Warning Against Falling Away
Open Your Bible
Hebrews 5:11-14, Hebrews 6:1-12, Philippians 3:12-16, 1 Peter 2:1-3
Scripture Reading: Hebrews 5:11-14, Hebrews 6:1-12, Philippians 3:12-16, 1 Peter 2:1-3
I feel like I’m a great gal. I go to church (but only when all five of my kids aren’t sick). I read my Bible (unless I am very tired or very busy or extremely lazy). I pray (especially when I have lost my glasses). And I write about Scripture (because it’s my dream job and people pay me to do it).
Okay, so I’m a great gal with some mixed motives. But here’s the trouble: It’s actually pretty possible to look like a believer, enjoy the fellowship of believers, and even do a lot of the right things externally, but still not touch the heart of the matter. It’s possible to do all of these things without maturing in the faith and truly knowing God.
All of these good works may make me think I’m a great gal. They can certainly look like the fruit of the gospel at work in my life. But Scripture tells us our works are dead when we depend on them for our salvation (Romans 3:27–4:5). The author of Hebrews is warning us to stop focusing on such “elementary teaching about Christ and go on to maturity” (Hebrews 6:1).
No matter how many orphanages you visit in Haiti, you cannot save yourself. No matter how many women you rescue out of slavery, you cannot rescue yourself. Christ alone saves us. His desire is that we grow in maturity by the Holy Spirit, working out our faith to full assurance, which is only found in Christ (v.11).
If we are keeping lists of our own merits, even if just in our heads and hearts, it is a real danger. We cannot work our way to righteousness. But the temptation to rely on our own merits is powerful. The Church is warned about this in no uncertain terms. If we seek after good works more than we desire Christ, we are in grave danger. Beware, lest we fall away and come short of salvation! Only Christ is sufficient to save.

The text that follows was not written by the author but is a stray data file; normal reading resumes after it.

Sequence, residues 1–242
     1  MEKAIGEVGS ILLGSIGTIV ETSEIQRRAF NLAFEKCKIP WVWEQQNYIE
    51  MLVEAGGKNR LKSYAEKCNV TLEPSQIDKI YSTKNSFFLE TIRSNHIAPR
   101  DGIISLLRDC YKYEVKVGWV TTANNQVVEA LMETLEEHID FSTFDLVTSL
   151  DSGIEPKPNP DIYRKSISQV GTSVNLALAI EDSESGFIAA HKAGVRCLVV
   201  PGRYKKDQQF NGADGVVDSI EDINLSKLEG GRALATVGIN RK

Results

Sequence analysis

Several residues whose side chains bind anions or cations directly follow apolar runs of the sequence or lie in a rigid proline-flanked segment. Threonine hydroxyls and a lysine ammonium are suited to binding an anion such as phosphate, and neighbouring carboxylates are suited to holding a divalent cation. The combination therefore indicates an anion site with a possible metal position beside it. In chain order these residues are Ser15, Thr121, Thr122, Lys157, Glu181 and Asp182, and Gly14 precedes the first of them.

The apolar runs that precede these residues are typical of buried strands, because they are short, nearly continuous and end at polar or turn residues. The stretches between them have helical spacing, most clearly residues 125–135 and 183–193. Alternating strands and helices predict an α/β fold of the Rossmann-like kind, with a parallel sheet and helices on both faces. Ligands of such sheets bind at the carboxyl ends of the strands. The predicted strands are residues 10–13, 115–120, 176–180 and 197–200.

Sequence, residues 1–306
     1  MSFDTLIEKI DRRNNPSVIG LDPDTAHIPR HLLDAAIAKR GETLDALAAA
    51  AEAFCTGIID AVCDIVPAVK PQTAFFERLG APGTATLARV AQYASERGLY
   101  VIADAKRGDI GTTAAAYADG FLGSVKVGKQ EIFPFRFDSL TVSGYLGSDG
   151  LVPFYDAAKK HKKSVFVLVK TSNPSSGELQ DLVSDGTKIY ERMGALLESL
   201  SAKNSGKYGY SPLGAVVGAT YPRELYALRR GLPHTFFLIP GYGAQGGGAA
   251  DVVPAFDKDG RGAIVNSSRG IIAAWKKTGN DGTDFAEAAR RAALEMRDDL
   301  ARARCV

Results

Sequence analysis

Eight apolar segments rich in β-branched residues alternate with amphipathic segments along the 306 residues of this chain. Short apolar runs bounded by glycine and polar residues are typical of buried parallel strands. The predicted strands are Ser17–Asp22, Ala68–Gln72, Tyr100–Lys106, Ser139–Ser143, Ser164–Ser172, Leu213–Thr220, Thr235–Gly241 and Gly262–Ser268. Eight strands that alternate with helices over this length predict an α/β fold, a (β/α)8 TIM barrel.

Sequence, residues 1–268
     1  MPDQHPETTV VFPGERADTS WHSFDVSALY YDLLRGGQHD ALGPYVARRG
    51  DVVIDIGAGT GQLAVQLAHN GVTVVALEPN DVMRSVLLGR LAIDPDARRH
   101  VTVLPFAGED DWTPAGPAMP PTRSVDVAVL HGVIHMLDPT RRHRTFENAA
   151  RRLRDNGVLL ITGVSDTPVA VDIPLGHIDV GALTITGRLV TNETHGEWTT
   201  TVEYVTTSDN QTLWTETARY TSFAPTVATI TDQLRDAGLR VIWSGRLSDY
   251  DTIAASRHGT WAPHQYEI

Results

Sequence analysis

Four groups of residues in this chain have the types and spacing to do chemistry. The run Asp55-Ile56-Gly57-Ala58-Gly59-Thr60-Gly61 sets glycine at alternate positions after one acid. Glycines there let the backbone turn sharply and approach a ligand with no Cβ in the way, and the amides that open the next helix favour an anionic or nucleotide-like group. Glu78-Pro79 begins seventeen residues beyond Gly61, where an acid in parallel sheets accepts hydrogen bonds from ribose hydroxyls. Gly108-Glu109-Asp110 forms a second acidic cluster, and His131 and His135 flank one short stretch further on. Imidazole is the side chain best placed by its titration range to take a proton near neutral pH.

Yet “God is not unjust; he will not forget [our] work and the love [we] demonstrated for his name by serving the saints—and by continuing to serve them” (v.10). When we look to Christ for our salvation, our humble doings flow from gratitude to the One who saves us. We love others because we imitate the One who is love (1 John 4:8). We serve because He is the servant of all. Our good works don’t earn our salvation; they are the result of our salvation, fruit born of the Holy Spirit at work in us (Galatians 5:22–23).
Let us look beyond the work of our own hands and instead place our hope in Christ’s finished work on the cross. May we hear His call to daily repentance and obedience. And may our works flow out of total thankfulness to God, our Creator and Redeemer.
Rebecca Faires loves the gospel story and needs it every morning when she wakes up to her five little people. Rebecca holds a bachelor’s degree in German from Hillsdale College, and most recently worked as the managing editor and writer at She Reads Truth. She now works from her log cabin in the hills of Tennessee, writing and illustrating books with her favorite mountain man. There she enjoys porch-sitting as it rains, reading the Oxford English Dictionary, and getting in way over her head. She is expecting her sixth baby and her first book in February of 2019.